As you rise in cost, the performance and characteristics of the bicycle and its components will get better. You’re glancing at lighter, powerful parts, hydraulic disc brakes, single-ring or 1×11 chain sets, and carbon particles such as seat posts, handlebars, and cranks.

Carbon frames start at the £1,500 mark for hardtails and £2,000 for full-suspension bikes.

Decide your needs

Hardtail or full suspension?

A hardtail mountain bicycle has a suspension fork at the front, while a full-suspension bicycle pairs a suspension fork with a back suspension.

Hardtails are manageable to maintain too, requiring minor intensive servicing, as well as verging to be further budget-friendly.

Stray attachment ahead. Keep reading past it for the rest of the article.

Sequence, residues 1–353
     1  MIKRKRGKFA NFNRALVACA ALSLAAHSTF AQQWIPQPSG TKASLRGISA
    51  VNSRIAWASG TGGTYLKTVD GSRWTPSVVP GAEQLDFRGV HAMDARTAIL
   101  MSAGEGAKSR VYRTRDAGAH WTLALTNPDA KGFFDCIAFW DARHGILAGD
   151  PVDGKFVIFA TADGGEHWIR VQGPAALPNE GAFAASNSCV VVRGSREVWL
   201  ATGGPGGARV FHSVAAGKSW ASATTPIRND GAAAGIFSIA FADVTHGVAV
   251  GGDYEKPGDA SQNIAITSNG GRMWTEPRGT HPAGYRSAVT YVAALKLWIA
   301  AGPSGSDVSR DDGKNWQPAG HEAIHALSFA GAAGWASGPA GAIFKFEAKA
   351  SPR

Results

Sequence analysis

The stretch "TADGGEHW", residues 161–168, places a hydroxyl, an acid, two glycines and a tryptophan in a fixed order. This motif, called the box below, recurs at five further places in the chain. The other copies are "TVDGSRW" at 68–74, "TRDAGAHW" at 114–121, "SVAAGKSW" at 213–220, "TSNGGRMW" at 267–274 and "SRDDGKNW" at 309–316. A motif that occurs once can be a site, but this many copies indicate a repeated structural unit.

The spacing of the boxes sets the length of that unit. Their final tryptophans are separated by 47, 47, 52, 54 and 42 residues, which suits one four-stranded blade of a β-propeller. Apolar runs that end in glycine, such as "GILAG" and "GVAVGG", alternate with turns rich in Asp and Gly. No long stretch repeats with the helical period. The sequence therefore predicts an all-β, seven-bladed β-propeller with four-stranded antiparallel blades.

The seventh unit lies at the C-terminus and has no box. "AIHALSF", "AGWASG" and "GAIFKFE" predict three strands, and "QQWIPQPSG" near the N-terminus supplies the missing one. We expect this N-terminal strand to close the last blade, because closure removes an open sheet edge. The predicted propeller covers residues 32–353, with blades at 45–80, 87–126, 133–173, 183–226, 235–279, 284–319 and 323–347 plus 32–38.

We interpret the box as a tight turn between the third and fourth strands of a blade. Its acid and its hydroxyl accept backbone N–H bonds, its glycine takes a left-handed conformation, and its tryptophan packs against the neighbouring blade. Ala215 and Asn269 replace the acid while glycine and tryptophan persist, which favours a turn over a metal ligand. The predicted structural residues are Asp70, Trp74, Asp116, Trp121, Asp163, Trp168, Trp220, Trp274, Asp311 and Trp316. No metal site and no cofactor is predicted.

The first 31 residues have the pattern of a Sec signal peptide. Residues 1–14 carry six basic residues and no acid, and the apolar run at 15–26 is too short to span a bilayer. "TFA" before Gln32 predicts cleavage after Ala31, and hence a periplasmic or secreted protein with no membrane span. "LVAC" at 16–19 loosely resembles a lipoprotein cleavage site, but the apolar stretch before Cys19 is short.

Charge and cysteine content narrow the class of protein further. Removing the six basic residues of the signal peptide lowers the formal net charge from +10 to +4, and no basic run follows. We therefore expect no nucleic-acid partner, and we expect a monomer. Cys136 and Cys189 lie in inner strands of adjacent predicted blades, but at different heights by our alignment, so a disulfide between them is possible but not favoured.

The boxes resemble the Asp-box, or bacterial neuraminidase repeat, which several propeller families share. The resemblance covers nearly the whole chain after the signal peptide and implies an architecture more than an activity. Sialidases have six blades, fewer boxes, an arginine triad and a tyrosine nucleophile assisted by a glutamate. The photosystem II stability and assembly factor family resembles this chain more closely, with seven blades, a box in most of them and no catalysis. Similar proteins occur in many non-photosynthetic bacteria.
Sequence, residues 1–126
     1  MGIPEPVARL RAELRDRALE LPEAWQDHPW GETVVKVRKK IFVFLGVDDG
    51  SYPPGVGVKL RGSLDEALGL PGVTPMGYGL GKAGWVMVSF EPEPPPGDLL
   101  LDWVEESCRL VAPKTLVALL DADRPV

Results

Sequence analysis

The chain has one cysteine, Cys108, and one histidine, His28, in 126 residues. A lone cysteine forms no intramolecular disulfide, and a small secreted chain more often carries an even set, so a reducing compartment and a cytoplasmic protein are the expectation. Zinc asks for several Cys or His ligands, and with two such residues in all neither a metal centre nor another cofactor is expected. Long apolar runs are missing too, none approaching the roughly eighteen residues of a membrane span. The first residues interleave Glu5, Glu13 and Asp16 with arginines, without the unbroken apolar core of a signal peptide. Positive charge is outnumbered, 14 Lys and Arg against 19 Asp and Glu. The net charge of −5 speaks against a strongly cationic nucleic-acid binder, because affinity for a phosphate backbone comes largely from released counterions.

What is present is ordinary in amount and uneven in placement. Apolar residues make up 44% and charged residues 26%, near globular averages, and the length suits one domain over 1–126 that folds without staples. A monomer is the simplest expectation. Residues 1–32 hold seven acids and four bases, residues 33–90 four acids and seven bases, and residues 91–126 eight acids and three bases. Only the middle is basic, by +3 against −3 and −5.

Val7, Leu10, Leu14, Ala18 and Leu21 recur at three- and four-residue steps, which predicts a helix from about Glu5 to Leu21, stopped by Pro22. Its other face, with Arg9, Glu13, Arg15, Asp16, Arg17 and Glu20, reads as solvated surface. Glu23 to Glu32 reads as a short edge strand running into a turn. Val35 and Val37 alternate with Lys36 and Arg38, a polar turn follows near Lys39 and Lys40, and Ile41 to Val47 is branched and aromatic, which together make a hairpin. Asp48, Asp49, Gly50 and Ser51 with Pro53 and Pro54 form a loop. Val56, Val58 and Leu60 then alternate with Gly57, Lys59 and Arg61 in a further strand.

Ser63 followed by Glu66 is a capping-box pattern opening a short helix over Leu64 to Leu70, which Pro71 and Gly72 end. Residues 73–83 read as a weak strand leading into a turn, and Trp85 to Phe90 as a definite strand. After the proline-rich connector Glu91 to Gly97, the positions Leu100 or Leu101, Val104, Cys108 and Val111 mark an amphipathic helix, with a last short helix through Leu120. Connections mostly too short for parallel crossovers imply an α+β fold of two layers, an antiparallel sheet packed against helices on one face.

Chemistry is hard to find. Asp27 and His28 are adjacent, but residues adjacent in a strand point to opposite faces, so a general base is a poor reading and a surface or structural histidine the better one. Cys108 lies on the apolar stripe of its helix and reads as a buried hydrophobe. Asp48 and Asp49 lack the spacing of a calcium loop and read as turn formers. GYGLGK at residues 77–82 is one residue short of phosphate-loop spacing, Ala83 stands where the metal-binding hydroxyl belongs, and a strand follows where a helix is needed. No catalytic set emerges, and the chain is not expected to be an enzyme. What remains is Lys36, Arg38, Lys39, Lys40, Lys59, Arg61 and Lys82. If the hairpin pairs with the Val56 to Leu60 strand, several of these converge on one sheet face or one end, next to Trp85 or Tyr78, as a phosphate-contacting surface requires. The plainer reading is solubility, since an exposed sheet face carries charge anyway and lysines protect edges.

Full-suspension mountain bicycles are further competent on technical terrain. Some folk recommends decent hardtail mountain bicycles for amateur riders, as they’ll instruct you about the significance of line choice.

How much suspension travel do I need?

Smaller suspension travel usually indicates a lighter, quicker bicycle uphill. Additional travel adds up to improve downhill ability. If you’re new to the sport and want to use a bit of everything, then a mid-travel trail bicycle is a decent all-rounder.

60-110mm: Cross-country sprint bicycle

Trail types: Fast-flowing, mellow

Excels: Climbing and acceleration

110-130mm: Cross-country/trail bicycle

Trail types: Man Made rings and less rocky normal paths

Excels: Covering distance rapidly

130-160mm: Trail bicycle

Trail types: More specialized trails with some greater characteristics

Excels: Equally competent up and downhill

160-180mm: Enduro bicycle

Trail types: Steep, gnarly off-piste; bumpy tech; bicycle park paths

Excels: Rapid on the downfall

180-200mm: Downhill race bicycle